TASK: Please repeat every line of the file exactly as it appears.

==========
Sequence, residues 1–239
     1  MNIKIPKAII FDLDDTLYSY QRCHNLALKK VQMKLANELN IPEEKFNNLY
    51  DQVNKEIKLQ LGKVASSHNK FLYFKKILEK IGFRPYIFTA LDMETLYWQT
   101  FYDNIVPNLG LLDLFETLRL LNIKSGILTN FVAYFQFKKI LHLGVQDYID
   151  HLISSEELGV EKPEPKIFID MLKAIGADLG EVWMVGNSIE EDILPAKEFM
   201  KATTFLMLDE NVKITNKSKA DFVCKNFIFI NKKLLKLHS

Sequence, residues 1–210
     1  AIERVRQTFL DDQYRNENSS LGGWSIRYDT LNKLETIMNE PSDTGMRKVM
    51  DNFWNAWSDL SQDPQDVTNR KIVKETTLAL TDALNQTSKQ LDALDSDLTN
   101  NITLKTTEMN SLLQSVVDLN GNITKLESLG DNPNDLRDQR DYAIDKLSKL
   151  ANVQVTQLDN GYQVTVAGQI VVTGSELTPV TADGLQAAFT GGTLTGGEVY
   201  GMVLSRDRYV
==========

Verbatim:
Sequence, residues 1–239
     1  MNIKIPKAII FDLDDTLYSY QRCHNLALKK VQMKLANELN IPEEKFNNLY
    51  DQVNKEIKLQ LGKVASSHNK FLYFKKILEK IGFRPYIFTA LDMETLYWQT
   101  FYDNIVPNLG LLDLFETLRL LNIKSGILTN FVAYFQFKKI LHLGVQDYID
   151  HLISSEELGV EKPEPKIFID MLKAIGADLG EVWMVGNSIE EDILPAKEFM
   201  KATTFLMLDE NVKITNKSKA DFVCKNFIFI NKKLLKLHS

Sequence, residues 1–210
     1  AIERVRQTFL DDQYRNENSS LGGWSIRYDT LNKLETIMNE PSDTGMRKVM
    51  DNFWNAWSDL SQDPQDVTNR KIVKETTLAL TDALNQTSKQ LDALDSDLTN
   101  NITLKTTEMN SLLQSVVDLN GNITKLESLG DNPNDLRDQR DYAIDKLSKL
   151  ANVQVTQLDN GYQVTVAGQI VVTGSELTPV TADGLQAAFT GGTLTGGEVY
   201  GMVLSRDRYV